The analysis of crossover interference in many creatures is complicated by the presence of two kinds of crossovers, interfering and noninterfering. In such creatures, the values of the traditional indicators of interference are subject not only to the strength of interference but also to the relative frequencies of crossing over contributed by the two kinds. We formalize the relationship among these variables and illustrate the possibilities and limitations of classical interference analysis with meiotic tetrad data from wild-type Saccharomyces cerevisiae and from mlh1 and ndj1 mutants.
Citation: Stahl F (2012) Defining and Detecting Crossover-Interference Mutants in Yeast. PLoS ONE 7(6): e38476. doi:10.1371/journal.pone.0038476
Editor: Michael Lichten, National Cancer Institute, United States OF America
Received: April 16, 2012; Accepted: May 8, 2012; Published: June 6, 2012
Copyright: © 2012 Frank Stahl. This is an open-access article distributed under the terms of the Creative Commons Attribution License, which permits unrestricted use, distribution, and reproduction in any medium, provided the original author and source are credited.
Funding: This author has no support or funding to report.
Competing interests: The author has declared that no competing interests exist.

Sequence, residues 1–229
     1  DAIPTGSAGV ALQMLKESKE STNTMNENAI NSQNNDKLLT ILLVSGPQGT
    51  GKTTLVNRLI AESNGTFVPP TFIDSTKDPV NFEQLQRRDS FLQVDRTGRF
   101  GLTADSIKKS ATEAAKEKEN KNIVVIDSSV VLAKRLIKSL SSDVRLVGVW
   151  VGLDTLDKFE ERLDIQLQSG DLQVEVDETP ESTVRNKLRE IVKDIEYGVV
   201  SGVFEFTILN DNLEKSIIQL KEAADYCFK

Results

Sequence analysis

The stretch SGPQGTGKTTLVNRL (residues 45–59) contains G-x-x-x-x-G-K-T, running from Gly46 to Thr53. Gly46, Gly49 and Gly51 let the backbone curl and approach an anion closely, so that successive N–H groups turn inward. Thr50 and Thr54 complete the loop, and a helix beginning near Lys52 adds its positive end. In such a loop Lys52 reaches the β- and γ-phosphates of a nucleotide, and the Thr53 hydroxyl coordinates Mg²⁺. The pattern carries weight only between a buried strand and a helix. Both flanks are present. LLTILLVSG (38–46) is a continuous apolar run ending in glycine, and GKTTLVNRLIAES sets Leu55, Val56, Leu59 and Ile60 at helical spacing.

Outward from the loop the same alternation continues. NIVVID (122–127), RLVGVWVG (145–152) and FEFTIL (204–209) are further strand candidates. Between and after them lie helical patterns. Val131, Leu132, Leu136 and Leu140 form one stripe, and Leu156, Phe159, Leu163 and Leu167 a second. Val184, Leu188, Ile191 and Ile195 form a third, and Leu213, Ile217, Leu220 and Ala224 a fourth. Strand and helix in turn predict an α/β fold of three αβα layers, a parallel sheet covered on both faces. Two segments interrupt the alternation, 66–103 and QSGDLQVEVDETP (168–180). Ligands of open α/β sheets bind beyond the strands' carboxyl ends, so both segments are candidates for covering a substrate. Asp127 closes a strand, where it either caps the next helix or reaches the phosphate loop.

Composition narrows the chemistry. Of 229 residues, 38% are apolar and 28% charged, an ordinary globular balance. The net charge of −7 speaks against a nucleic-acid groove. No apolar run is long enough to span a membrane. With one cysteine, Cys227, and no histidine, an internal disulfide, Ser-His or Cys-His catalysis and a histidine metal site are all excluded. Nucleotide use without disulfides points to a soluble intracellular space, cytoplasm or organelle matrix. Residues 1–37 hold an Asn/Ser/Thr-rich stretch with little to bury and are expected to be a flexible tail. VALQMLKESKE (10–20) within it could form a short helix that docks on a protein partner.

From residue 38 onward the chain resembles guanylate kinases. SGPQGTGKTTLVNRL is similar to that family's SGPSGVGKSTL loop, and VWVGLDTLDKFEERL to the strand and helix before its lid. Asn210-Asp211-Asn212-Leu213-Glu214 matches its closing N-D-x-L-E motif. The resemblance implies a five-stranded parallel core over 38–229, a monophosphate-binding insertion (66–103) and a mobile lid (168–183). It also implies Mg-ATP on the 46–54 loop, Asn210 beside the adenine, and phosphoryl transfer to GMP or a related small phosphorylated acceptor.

The tractability of yeast for studies of meiosis has encouraged the search for mutants that might illuminate an elusive classical linkage phenomenon, crossover interference. An impediment to such a search is posed by the presence of two kinds of crossing over, with and without interference. Mutants that reduce interference as measured by the coefficient of coincidence  or the nonparental ditype (NPD) ratio (, ), might do so by reducing interference between the interfering crossovers, by reducing their frequency, by increasing the frequency of noninterfering crossovers, or by introducing population heterogeneity as a result of faulty effective pairing  or by combinations of these factors. The relationship between linkage map distance and crossover interference in creatures with two kinds of crossovers has been the subject of several statistical analyses (e.g. –). All were based on the assumption that the noninterfering crossovers are sprinkled along the chromosomes independently of each other and of the interfering crossovers. Typically, they further assumed that interfering crossovers are distributed with respect to each other according to an Erlang or Gamma distribution. These assumptions have usefully described the distribution of crossovers along the linkage maps in wild-type backgrounds (reviewed in ). They have estimated the numbers of crossovers of each kind as well as the values of indices (m or gamma) of interference for the interfering crossovers, which reflect the degree of modality in the frequency distribution of intercrossover distances. Such analyses, however, require many markers, a computer program of rather daunting nature, and an assumption that the relative contributions of the two kinds of crossovers are constant along the chromosome. Here I derive a model-independent alternative – a simple formula that exposes the relationship between classical indicators of crossover interference, on the one hand, and the contributions of each of the two kinds of crossovers on the other. The formula has the advantage of being applicable to analyses of crossing over and interference in single short intervals or in pairs of short, adjacent intervals. One shortcoming of the method is that it requires data from more tetrads than do the methods referenced above. Another is that the confounding of variables prevents assumption-free estimates of their values.